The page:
breeding, and all the high drama and battling that goes with it, is over, the
animals disperse. Females, however, may stay together in smaller groups as they
head for sites they are aware of which they consider to be good for nesting.
When they reach them they dig a wide, shallow pit in sandy soil, sheltered from
the sun but not in danger of flooding, and
lay up to 50 fist sized, dark grey eggs, which are then covered over with soil.
The females will not feed until the eggs hatch, keeping a strict vigil over the
nest, broken only by the trip once a day to fetch
water, stored in their gullet pouch, the majority of which is then sprayed
over then nest to maintain the moisture vital for the eggs’ development. After
around a week, the female, pressing her head close to the nest, will decide that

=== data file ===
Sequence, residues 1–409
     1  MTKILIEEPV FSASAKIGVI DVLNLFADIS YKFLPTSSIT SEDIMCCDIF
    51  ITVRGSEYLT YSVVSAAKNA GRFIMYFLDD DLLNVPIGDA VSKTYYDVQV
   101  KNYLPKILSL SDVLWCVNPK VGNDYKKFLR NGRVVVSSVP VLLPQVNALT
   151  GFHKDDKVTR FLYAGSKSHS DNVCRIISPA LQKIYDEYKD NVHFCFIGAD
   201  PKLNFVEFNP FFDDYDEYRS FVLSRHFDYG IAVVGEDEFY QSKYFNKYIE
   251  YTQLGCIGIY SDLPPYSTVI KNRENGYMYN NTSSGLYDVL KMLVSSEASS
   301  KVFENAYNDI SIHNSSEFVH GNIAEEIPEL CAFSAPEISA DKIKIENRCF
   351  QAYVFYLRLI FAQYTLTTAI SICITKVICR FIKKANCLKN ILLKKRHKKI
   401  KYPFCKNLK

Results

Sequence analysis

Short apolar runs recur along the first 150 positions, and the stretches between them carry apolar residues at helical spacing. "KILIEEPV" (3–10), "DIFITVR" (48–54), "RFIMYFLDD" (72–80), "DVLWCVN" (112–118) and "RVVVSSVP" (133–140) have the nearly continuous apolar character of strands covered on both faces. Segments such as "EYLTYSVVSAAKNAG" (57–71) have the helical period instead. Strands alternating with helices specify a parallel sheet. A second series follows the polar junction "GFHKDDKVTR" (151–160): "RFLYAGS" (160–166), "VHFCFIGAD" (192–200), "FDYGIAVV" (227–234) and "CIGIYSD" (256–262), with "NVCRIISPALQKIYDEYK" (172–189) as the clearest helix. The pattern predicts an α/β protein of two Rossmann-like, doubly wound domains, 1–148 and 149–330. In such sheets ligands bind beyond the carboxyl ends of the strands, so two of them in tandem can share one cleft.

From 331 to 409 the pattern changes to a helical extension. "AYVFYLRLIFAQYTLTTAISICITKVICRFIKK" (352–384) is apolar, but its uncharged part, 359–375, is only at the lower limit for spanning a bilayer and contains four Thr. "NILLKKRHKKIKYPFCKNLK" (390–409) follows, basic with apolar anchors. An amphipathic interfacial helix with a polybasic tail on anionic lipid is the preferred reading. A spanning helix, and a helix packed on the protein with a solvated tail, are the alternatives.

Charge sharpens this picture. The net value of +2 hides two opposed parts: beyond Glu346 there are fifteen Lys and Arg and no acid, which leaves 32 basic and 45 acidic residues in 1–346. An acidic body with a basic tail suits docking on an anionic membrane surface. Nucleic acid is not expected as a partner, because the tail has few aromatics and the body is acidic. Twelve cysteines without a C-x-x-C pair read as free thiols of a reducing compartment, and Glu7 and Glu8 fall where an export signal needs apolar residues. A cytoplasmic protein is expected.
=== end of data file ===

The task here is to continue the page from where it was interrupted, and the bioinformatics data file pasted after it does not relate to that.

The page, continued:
she can hear movement, and will dig out the hatchlings, each little bigger than
a rat. Here she deems her task complete. She will leave
for a good solid meal, and is unlikely to see the majority of her young again,
as they are left alone in the plains to fend for themselves.
Usages. The scaly, slightly metallic looking skin can be used to make shields and armour, as it goes very hard if treated in special way. Zaniskari are also domesticated in small numbers as a pack animal and sometimes to ride. However, they are not particularly easy to tame, nor strong enough to carry great weights, and can’t be kept in enclosed spaces, so they are not a common steed. The iron hard, 5 nailsbreadth thick skulls of large animals are occasionally used as helmets, most notably among local orcs, and, it is rumoured, some of the more distinguished Orcristh warriors. Among certain human communities, water from the Zaniskari’s gullet is believed to have restorative properties, and the urine, as mentioned in the abilities section, can be converted into a pesticide.